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Sports Journee

Why St. John’s believes in Mike Anderson (even if you might not)


NEW YORK — Mike Anderson knows pace. His entire basketball brand is based on pace, dating back to his days under Nolan Richardson and his “40 Minutes of Hell.”

And Anderson had heard the old adages about a “New York minute,” how everything is faster in New York City. But he still wasn’t ready for it when he arrived as the new head coach at St. John’s in April.

“When I got the job, I was here for a month before I went back to Arkansas,” Anderson told ESPN. “Man, the pace was unbelievable. I went back there and it was like things were in slow motion.”

He said he’s used to the speed of things now — which is a good thing, given that he had to hit the ground running since replacing Chris Mullin. Red Storm fans are hoping Anderson’s reputation for speed carries over to the rebuilding effort that faces him, too. Anderson has to replace six players from last season’s team, but even Mullin — the school’s all-time greatest player — started feeling heat after three years in charge.

Anderson understands slow doesn’t work in the Big Apple.


Mike Cragg found out the same way most of the college basketball world did: on Twitter, the night of the national championship game.

The St. John’s athletic director was on a flight back to New York from the Final Four in Minneapolis when news broke that Mullin was planning to step down as the head coach of the Red Storm.

“When I landed, my phone was blowing up,” Cragg said.

Rumors had swirled all week about tension between Mullin and the St. John’s administration, leading Cragg to make a statement on Final Four Saturday that “Coach Mullin is our head coach and we are not looking for another head coach.” Cragg and Mullin had multiple meetings in the two weeks between the time St. John’s lost to Arizona State in the First Four and when coaches, agents and athletic directors descended on Minneapolis for the final weekend of the season.

“I didn’t know everything that was going on [on Twitter]; I knew some of it. I said, if something happens that I need to know, please let me know. The narrative didn’t matter. My job was to find our head coach.”

St. John’s AD Mike Cragg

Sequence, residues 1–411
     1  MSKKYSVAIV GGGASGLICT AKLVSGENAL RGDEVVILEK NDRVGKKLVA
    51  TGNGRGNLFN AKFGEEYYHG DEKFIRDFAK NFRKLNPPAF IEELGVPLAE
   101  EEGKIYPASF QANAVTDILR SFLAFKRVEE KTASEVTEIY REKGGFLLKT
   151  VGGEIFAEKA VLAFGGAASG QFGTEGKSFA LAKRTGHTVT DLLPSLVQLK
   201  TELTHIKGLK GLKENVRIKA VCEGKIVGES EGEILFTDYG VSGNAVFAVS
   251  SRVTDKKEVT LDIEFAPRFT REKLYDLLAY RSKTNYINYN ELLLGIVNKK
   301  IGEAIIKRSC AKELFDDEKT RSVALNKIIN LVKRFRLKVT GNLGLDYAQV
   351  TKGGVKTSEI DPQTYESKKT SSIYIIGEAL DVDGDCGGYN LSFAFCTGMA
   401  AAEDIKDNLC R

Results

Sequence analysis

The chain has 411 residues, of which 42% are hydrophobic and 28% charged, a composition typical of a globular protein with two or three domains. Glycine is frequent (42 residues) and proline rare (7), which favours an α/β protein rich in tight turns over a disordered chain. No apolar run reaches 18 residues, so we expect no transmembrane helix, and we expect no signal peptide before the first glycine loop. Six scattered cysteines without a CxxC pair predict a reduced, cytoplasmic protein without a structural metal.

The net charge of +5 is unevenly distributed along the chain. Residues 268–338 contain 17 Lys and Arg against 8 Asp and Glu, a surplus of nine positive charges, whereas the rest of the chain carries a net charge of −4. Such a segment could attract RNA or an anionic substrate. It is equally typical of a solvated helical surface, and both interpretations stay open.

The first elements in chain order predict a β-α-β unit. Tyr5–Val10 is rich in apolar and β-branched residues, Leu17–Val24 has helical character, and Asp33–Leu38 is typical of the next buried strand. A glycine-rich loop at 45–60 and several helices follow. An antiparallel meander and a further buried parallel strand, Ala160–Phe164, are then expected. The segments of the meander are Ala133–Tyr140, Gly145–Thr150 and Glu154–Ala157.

While sources told ESPN at the time that there were points of contention during the meetings, Cragg says now that he left the final meeting with Mullin thinking the Hall of Famer was still going to be head coach moving forward.

“It was a surprise,” Cragg said.

Suddenly, Mullin was out and Cragg needed a basketball coach. Just over six months into his first stint as an athletic director, Cragg was being tasked with finding a replacement for one of the best basketball players to ever come out of New York.

It didn’t take long for a narrative to form around the Red Storm’s coaching search. Arizona State’s Bobby Hurley signed a contract extension, Loyola-Chicago’s Porter Moser decided to stay with the Ramblers and Iona’s Tim Cluess also announced he was taking himself out of the running. Vitaminwater founder Mike Repole, an alumnus and major booster for the St. John’s program, went on Mike Francesa’s WFAN show in New York to rant about the coaching search, calling it a “national embarrassment.”

Cragg didn’t pay attention to most of it. His first order of business after Mullin stepped down? Deleting Twitter from his phone.

“It was like, ‘How in the heck is this out there?'” Cragg said of the rumors and reports about the St. John’s search. “I couldn’t see all this stuff. So I deleted it. … I didn’t know everything that was going on [on Twitter]; I knew some of it. I said, if something happens that I need to know, please let me know.

“The narrative didn’t matter. My job was to find our head coach.”

After a couple public swings and misses, Cragg forged on. He didn’t hire a search firm, instead relying on the advice of his former colleagues at Duke — namely Mike Krzyzewski and Jeff Capel. While discussing names with Capel over the phone one day, the Pittsburgh head coach suggested the Anderson, who had been fired on March 26 after eight seasons as Arkansas’ coach. Cragg wanted to know if Anderson would entertain the idea — and while Capel was calling Anderson to gauge his interest, Cragg called Krzyzewski.



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